Living in the UK is a confusing time.
In theory, I should accept this, the very moment I’ve been waiting for months. After a year and a half of delightless blockades, restrictions, and most tragically, the deaths of hundreds of thousands of people due to the coronavirus, the British government finally put all legal pandemic restrictions in the UK on July 19th. Announced that it will be released.
Still, it should have been time to celebrate with an extended family, set aside masks, and hug friends in pubs and nightclubs, but instead feel unwavering fear, anxiety, and embarrassment.
I have been vaccinated twice now, and so is my loved one. I have no health concerns before. I don’t have a job that requires face-to-face interaction with people too heavily. Sure, I should feel safe to go back to some of the similarities in pre-pandemic life. Still, I feel that the arrival of what the tabloids call “Freedom Day” is not free.
This is how my country fell into a unique British turmoil. This may serve as a warning to my American friends, as the spread of Delta variants threatens confusion there as well.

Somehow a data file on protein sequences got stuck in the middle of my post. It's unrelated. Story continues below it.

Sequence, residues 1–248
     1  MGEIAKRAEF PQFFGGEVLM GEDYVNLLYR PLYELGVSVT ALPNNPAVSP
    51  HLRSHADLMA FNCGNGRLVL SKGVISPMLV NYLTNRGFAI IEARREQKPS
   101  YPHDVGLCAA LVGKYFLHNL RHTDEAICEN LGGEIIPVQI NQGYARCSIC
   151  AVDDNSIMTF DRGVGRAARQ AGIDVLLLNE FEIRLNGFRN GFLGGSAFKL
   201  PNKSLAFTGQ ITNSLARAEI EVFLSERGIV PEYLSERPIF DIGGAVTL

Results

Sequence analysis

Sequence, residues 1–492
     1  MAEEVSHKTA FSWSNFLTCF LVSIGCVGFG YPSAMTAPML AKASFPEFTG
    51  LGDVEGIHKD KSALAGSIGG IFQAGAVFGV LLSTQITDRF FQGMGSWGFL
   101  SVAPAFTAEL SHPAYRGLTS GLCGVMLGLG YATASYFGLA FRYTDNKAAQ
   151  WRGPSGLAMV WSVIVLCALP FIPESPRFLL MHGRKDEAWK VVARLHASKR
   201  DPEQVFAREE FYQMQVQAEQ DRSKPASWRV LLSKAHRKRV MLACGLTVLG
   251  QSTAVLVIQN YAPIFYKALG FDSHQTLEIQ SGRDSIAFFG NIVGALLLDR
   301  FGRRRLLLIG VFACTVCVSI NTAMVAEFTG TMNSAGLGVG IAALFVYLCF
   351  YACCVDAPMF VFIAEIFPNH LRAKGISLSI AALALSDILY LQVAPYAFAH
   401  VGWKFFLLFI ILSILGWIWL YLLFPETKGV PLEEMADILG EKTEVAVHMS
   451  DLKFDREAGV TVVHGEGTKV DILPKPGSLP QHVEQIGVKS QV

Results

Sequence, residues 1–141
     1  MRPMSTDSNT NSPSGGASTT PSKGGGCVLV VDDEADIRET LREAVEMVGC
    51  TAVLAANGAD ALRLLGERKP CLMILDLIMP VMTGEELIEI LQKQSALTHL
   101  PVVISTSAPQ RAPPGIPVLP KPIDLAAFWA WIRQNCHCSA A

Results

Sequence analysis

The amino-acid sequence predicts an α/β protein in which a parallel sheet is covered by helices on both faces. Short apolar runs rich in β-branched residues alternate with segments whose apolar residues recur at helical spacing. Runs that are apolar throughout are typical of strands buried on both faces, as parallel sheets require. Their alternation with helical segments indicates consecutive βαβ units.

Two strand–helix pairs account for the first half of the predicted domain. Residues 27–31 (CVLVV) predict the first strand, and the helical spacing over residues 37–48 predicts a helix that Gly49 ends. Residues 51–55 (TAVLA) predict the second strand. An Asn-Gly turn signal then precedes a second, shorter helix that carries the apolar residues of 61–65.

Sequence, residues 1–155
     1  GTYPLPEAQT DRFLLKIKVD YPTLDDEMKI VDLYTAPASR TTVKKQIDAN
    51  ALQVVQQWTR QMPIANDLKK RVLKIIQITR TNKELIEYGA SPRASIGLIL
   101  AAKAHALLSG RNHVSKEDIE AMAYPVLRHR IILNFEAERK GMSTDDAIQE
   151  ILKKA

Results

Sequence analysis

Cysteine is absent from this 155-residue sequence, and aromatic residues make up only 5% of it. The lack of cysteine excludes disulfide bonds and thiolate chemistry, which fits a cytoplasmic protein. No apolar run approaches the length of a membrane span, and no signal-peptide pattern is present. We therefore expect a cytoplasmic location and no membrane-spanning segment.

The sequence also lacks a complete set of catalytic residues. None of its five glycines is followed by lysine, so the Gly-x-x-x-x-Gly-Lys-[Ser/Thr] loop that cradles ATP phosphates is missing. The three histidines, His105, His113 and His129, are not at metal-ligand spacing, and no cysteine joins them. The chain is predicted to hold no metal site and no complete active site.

The United Kingdom is one of the most successful vaccination programs in the world and one of the countries with the smallest skeptical population on vaccines on the planet.
However, Boris says that a new super-infectious strain of coronavirus will not enforce stricter quarantine requirements for people traveling from India, as it has been branded “disaster” by experts and contributed to the United Kingdom. This is a hotspot for the decision delta variant of Prime Minister Johnson.
This has led public health authorities to carry out strange balancing acts for the population: we have immunity from vaccines and previous infections sufficient to prevent death and serious illness. We are approaching the inflection point that we should be, but it is not clear that the inflection point has reached.
Under these circumstances, other countries may have chosen to be careful. Perhaps leaving the mask obligatory and maintaining legally binding restrictions to control the infection.
This was not the case for the British Conservative government, which announced that it would stick to plans to lift all remaining UK restrictions, as the Delta case surged on July 5. In an open letter, thousands of scientists called the reopening a “dangerous and unethical experiment.” However, Prime Minister Johnson is an old conservative that when working on COVID, individuals should take “personal responsibility” to make “informed decisions” rather than relying on legal sanctions. I emphasized chestnuts.
“If we can’t resume society in the next few weeks, we have to ask ourselves,’When can we get back to normal?'” Johnson said.
Nonetheless, Johnson argues that the “pandemic is not over yet” and that the British need to be vigilant. This is not the first time Johnson has been accused of issuing a mixed message. He was ridiculed for it on last year’s “British Bake Off” TV show.